These are stressful times. If you would like to contact a social worker, psychologist or child life specialist for information on community referrals or coping resources, you can call 312.227.4118 and leave a message. Your call will be returned within 24 hours, Monday through Friday. Non-urgent questions only. For emergencies, call 911.
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A child's illness can affect the entire family. Here are some things that can help:
What Siblings Need
Routine: Normal day-to-day activities such as going to school or day care will help siblings feel safe when separated from caregivers and family.
Be honest: It is important to be honest and talk to siblings using words they can understand to explain why their brother or sister is in the hospital. This will help children to feel less afraid.
Talk: Children need lots of opportunities to express their feelings as they try to understand what is happening.
Behaviors to Be Aware of
Every child reacts differently when their brother or sister is in the hospital. It is normal for siblings to feel:
Fear - "Can I catch what my brother has?"
Guilt - "Did my fight with my brother make him sick?"; "Why is he sick and not me?"
Anger - "My brother is getting so many presents in the hospital, why can't I have new toys?"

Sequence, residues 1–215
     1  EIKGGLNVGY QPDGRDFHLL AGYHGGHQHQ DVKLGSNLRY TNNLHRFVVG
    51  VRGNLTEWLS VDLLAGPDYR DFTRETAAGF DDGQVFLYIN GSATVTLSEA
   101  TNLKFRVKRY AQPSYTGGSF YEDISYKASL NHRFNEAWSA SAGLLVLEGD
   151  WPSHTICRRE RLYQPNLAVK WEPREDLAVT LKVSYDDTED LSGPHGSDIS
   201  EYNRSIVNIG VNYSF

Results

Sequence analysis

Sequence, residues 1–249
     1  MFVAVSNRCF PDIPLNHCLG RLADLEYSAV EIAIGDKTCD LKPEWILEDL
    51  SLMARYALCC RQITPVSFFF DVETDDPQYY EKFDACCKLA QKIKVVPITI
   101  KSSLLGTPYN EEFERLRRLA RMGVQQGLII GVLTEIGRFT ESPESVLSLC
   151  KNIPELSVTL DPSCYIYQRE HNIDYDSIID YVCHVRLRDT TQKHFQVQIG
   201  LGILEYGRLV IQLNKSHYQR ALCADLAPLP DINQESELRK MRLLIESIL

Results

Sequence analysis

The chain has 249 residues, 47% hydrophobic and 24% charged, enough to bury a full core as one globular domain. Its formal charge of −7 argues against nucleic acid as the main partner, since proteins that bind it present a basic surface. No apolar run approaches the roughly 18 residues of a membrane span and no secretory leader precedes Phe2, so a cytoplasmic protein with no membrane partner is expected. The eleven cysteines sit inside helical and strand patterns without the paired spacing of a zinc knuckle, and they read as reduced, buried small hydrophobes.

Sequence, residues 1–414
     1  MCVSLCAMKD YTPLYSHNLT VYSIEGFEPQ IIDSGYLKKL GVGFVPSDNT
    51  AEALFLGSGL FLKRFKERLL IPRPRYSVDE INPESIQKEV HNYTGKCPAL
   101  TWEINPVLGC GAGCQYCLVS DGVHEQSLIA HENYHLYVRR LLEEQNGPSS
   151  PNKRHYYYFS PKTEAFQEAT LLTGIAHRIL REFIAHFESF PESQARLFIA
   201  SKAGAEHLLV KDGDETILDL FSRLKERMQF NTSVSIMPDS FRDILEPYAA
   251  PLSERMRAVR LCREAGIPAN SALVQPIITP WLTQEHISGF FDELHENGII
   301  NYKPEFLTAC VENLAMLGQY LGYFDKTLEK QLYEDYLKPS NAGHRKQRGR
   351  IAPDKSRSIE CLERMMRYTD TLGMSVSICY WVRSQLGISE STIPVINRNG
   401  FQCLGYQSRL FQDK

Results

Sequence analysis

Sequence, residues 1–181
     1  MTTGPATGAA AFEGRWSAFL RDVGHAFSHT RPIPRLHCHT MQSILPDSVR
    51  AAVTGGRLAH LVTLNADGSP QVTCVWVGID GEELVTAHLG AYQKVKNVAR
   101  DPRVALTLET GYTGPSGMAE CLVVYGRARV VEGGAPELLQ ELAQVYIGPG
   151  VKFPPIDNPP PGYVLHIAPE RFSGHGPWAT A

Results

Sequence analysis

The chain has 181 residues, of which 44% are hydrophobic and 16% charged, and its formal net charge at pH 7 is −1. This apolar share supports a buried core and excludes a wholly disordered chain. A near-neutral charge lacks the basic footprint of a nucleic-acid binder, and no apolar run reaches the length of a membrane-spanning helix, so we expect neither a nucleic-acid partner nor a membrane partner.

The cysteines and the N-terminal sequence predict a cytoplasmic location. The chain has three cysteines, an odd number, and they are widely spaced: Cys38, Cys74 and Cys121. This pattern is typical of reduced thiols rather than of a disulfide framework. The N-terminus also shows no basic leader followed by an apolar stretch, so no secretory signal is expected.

Confusion - "What is going to happen to my brother in the hospital?"; "When is my brother coming home?"
Loneliness - "What about me? Nobody is paying attention to me."
You might see this in your child's behavior by:
Acting out; aggressive play
Becoming more clingy or quieter than usual
Regression to behaviors of their younger years (thumb sucking, bed wetting)
Complaints of stomach aches, headaches or other sickness
Changes in sleeping or eating habits
How You Can Help
Siblings need extra support when a brother or sister is in the hospital. Include your children as much as possible to answer questions and lessen fears.
Activities You Can Do at Home to Keep Siblings in Touch
Draw pictures or write letters to take to the hospital
Set up special one-on-one sibling visits
Talk on the phone, video chat, email, send mail
Ask siblings to help pack favorite items to send to the hospital, such as stuffed animals, movies, music or games
Before visiting the hospital, talk to siblings about what they can expect to see and do. Remind them that it is always OK to ask questions.
Activities to Do at the Hospital
Make decorations for the hospital room (signs, pictures)
Play games, read books, play music, work on art projects
Visit the playroom
Books You Can Read Together
"What About Me? When Brothers & Sisters Get Sick" - A storybook for 5-10 year old brothers and sisters of hospitalized children. By Alan Peterkin. 1992.
"Hi, My Name is Jack" - A storybook for 3-7 year old brothers and sisters of children with a chronic illness. By Christina Beal-Sullivan. 2000.
"When Molly Was in the Hospital" - A book for brothers and sisters of hospitalized children. By D. Duncan. 1994.
"When Someone Very Special Has a Serious Illness" - A workbook for 7-13 year old brothers and sisters of hospitalized or chronically ill children. By Marge Heegard. 1991.
If you would like help talking to your child about what to expect when they visit their brother or sister in the hospital, contact your Child Life Specialist or the Child Life Department at 312.227.3270.